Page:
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Multilingual program begins at West Virginia school to help students struggling with English

Spring Mills High School started a new Multilingual Ambassador program to help new students who are not proficient in English.

Spring Mills first piloted the program last year, and it was very successful, so it officially started the program.

Rebecha Catlett, a certified ESL teacher who works part time at both Spring Mills Middle and Spring Mills High School, started the program to help newcomer students.

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“I started this program, because I’m not bilingual,” Catlett explained. “When a newcomer arrives with little English proficiency, they get to meet with someone they can talk to. I believe this should be the norm.”

The ambassador students wait for the new students and take them to all their classes and introduce them to their teachers. They show the students how to order breakfast and to get lunch and just make sure they feel welcome.

Maria Alvarez, a 10th-grade student, and Nathalia Gaicedo, a 12th-grade student, both went through the program.

WV Fox News graphic

A new Multilingual Ambassador program has begun at Spring Mills High School. Student ambassadors would guide new students struggling with English.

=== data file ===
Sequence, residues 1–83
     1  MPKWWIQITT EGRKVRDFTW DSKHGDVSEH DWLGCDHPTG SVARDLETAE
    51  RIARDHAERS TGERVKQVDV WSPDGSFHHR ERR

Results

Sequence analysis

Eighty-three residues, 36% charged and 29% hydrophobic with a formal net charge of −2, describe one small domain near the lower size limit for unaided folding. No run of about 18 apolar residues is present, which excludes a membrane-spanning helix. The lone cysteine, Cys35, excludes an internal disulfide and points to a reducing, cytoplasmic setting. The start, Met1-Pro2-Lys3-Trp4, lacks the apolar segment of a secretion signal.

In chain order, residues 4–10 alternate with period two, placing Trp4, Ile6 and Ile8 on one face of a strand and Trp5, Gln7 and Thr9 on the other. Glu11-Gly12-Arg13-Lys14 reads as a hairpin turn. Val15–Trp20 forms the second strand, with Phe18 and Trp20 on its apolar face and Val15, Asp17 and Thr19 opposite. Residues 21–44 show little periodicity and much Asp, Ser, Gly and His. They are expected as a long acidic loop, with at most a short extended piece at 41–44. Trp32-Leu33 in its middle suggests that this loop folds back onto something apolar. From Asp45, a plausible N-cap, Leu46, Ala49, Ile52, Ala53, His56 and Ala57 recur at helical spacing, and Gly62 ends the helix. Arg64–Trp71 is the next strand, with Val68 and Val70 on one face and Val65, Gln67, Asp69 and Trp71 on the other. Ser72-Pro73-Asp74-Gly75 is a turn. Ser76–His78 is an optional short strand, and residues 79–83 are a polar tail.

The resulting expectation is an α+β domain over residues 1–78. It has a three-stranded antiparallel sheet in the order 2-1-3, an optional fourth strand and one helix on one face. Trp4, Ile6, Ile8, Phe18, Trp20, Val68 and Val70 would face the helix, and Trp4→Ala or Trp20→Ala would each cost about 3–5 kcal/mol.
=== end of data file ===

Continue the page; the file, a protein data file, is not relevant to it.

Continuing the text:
“It felt nice having someone waiting for me when I got to the school,” Alvarez said. “I was nervous about finding my classes, so I was glad to have someone to guide me.”

Many of the ambassador students experienced a similar situation. Both Michelle Santos, a 10th-grade student, and Jazmin Ambrocio-Garcia, a 12th-grade student, shared that they remember a time where they had trouble understanding other students when they first started going to school. This program allows them to help prevent others from feeling the same way.

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“I hope we can inspire other schools to start doing this, as well,” Ambrocio said. “We are proud to be able to help students feel welcomed.”

The program has nine students from eight different countries, and Catlett expects more students in the future as the community continues to grow.

“One of the biggest reasons I started the program was the newcomers,” Catlett explained. “A few years ago, there weren’t many newcomer students, but now, the need is growing, and I believe it will continue to grow. Our school is very inclusive and welcoming, which really starts with the administration. All the teachers and staff and all the adults at the school want them to feel included and have a desire to build a caring school community.”

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Karla Hilliard, the assistant principal, talked about how the program is helping the school welcome new students.

“Ms. Catlett does a great job creating a welcoming environment for students,” Hilliard said. “Our goal at the school is to create a welcoming place for everyone. This program does a great job helping students whose first language isn’t English.”

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